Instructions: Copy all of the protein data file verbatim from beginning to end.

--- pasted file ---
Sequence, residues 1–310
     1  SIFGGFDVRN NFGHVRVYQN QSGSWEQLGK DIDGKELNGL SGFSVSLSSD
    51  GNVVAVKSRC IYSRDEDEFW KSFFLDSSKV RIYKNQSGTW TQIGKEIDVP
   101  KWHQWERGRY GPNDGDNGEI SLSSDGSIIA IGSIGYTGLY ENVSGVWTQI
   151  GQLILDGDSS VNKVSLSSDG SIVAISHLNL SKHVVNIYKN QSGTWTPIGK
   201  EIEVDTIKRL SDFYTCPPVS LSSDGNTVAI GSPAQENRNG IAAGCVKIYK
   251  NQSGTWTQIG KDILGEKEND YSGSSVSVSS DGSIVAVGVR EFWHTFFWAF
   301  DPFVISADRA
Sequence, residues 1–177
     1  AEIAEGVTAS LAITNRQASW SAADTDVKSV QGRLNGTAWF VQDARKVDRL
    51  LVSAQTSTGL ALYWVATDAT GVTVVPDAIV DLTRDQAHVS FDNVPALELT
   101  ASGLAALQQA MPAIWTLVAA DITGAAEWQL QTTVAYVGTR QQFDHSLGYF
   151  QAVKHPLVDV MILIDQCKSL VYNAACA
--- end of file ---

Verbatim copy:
Sequence, residues 1–310
     1  SIFGGFDVRN NFGHVRVYQN QSGSWEQLGK DIDGKELNGL SGFSVSLSSD
    51  GNVVAVKSRC IYSRDEDEFW KSFFLDSSKV RIYKNQSGTW TQIGKEIDVP
   101  KWHQWERGRY GPNDGDNGEI SLSSDGSIIA IGSIGYTGLY ENVSGVWTQI
   151  GQLILDGDSS VNKVSLSSDG SIVAISHLNL SKHVVNIYKN QSGTWTPIGK
   201  EIEVDTIKRL SDFYTCPPVS LSSDGNTVAI GSPAQENRNG IAAGCVKIYK
   251  NQSGTWTQIG KDILGEKEND YSGSSVSVSS DGSIVAVGVR EFWHTFFWAF
   301  DPFVISADRA
Sequence, residues 1–177
     1  AEIAEGVTAS LAITNRQASW SAADTDVKSV QGRLNGTAWF VQDARKVDRL
    51  LVSAQTSTGL ALYWVATDAT GVTVVPDAIV DLTRDQAHVS FDNVPALELT
   101  ASGLAALQQA MPAIWTLVAA DITGAAEWQL QTTVAYVGTR QQFDHSLGYF
   151  QAVKHPLVDV MILIDQCKSL VYNAACA